To make these drawings, I engage a systematic process that branches into new forms as I meet if / else junctures in the work. The series grows iteratively, engaging perception as a subject and a means.
To begin, I draw a line and repeat it, until I have a relatively dense grid. I apply perspective to this grid and establish a basic unit of pictorial space. That bound unit: lines and perspective; becomes the foundation for building complexity. Variables such as repetition, color, incremental rotation, inversion, concentration and dispersion are applied. The properties of the initial unit are subverted and transformed.
I look for a play between solidity and transparency; mass and lightness, concentration and diffusion. I slow down perception through a build up of marks that almost assimilate or aggregate into an optical mixture; marks that resolve into patterns created by processes of rotation and layering. These patterns and binary relationships emerge slowly. The networks of lines converge and disperse creating multiple visual paths through fields of structured accumulation.
This analogue of a computer process is executed with my very human hand, errors, thought, and subjectivity. The optical game stands in for my struggle to comprehend the complexities of seeing.
I want to create a space where point of view can not be fixed.
When I was a child, I would explore the woods behind my house. I ventured alone, following a small creek. One winter day, I deviated from my usual path. As I walked, I heard a man shout. A pack of barking dogs ran toward me. I immediately dropped to the snowy ground and pretended to be dead. I held my breath. The dogs surrounded me, sniffed and snorted. I had never felt that kind of fear before, the fear of being eaten alive.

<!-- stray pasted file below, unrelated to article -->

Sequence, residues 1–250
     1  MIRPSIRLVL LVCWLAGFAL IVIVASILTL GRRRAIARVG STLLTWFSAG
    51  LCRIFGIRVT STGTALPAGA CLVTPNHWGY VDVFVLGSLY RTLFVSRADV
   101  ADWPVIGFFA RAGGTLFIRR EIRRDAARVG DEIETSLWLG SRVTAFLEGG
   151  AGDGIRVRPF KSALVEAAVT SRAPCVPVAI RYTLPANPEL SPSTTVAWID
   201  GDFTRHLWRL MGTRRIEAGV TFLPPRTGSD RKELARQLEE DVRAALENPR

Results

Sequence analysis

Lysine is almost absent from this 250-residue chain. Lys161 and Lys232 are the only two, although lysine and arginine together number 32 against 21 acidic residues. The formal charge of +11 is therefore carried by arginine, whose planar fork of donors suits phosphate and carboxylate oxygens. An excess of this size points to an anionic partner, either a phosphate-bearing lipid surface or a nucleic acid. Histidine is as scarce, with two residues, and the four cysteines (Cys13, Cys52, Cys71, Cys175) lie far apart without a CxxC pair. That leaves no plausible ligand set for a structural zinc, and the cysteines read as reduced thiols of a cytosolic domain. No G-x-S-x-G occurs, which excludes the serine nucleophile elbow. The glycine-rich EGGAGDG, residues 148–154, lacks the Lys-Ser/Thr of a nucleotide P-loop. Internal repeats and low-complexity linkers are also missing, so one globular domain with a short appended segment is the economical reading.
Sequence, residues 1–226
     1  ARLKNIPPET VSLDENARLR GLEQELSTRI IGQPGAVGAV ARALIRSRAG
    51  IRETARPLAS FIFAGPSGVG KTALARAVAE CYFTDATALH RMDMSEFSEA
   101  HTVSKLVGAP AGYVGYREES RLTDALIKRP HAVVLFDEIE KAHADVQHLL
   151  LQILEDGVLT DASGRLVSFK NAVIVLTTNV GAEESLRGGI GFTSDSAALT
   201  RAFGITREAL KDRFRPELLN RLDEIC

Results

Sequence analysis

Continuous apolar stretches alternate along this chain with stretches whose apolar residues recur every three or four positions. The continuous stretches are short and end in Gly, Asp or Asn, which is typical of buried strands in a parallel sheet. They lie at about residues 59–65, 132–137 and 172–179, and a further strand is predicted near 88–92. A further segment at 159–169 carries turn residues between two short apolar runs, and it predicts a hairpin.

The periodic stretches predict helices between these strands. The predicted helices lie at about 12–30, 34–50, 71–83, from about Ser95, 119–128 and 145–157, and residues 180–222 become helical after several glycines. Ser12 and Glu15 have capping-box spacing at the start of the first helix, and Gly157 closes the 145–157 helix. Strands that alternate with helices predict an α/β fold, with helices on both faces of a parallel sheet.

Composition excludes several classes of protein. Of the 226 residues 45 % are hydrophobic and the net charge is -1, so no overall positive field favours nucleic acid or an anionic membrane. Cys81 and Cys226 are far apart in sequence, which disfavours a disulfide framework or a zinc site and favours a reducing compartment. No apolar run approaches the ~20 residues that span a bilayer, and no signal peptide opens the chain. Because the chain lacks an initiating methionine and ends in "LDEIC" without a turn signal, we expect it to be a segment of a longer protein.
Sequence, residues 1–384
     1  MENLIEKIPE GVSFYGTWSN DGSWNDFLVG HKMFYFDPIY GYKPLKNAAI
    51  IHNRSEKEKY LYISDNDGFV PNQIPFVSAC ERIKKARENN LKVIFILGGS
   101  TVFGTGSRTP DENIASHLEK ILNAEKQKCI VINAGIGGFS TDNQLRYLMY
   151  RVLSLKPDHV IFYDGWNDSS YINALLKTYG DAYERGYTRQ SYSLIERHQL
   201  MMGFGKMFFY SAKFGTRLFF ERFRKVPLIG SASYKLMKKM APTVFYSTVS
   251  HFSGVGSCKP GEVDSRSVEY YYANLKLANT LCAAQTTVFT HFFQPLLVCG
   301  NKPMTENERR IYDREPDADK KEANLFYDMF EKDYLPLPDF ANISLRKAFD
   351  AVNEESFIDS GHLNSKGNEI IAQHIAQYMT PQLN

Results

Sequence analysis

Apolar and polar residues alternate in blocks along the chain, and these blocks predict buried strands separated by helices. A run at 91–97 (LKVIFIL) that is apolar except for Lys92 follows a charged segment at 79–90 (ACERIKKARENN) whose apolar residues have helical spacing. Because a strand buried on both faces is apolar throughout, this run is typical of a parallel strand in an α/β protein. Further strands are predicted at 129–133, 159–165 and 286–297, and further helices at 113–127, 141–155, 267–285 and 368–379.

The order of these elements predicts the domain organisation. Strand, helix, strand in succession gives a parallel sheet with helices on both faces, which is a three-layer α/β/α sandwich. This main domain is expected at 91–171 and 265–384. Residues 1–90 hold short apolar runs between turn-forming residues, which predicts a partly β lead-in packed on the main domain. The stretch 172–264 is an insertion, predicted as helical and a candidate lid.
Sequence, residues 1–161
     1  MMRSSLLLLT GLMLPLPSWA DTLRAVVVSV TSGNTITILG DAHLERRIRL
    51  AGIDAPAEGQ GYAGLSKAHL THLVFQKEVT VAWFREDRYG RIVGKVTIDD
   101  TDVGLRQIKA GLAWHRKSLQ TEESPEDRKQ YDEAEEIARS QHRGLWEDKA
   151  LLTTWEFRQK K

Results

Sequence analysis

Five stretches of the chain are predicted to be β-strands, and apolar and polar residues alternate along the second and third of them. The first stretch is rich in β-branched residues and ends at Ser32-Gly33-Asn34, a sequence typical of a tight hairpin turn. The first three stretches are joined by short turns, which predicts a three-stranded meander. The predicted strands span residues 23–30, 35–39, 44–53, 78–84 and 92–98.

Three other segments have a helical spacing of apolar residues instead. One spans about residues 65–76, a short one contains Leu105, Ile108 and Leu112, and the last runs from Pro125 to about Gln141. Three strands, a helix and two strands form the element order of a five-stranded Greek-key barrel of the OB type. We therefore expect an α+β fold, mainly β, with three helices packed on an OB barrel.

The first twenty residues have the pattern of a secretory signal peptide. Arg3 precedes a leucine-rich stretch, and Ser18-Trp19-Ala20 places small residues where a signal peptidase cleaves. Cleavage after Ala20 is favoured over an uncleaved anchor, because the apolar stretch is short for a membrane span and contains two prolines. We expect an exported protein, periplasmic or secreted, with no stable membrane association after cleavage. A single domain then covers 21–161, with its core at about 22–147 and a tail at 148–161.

Artist Statement: My photographs portray a series of contorted body parts, juxtaposed with ordinary yet highly stylized props. Using color as my narrative, I take the viewer on an eerie trip through staged, fairytale crime scenes. My ritualistic images draw from my own childhood memories, exploring themes of isolation, detachment and self-identity.
The Children's Museum of the Arts is a nonprofit arts facility that brings hands-on art programming to children throughout New York City. The mission of the Children’s Museum of the Arts is to introduce children and their families to the transformative power of the arts by providing opportunities to make art side-by-side with working artists. Our staff of practicing Teaching Artists guide and mentor young artists ages 10 months to 15 years through fun and advanced art projects, ranging in a variety of techniques and mediums.
The Children's Museum of the Arts maintains a Permanent Collection of over two thousand pieces of children’s art from over 50 countries, dating back to the 1930s.
This specific piece is part of the sub-collection, The Kunyoshi Collection. In the early 1990s Yasuo Kuniyoshi’s widow, Sara Mazo Kuniyoshi, donated 19 paintings, created by children during the late 1930s in WPA-sponsored Community Art Centers in New York City, to the Children’s Museum of the Arts. Yasuo Kuniyoshi was an American painter, printmaker, and photographer who worked as a teacher at the New School for Social Research and The Art Student’s League during the Great Depression. While our research has not been able to confirm that Kuniyoshi himself taught the students whose artwork makes up this collection, like many artists during this time period he collected children’s art as a source of inspiration for his own work.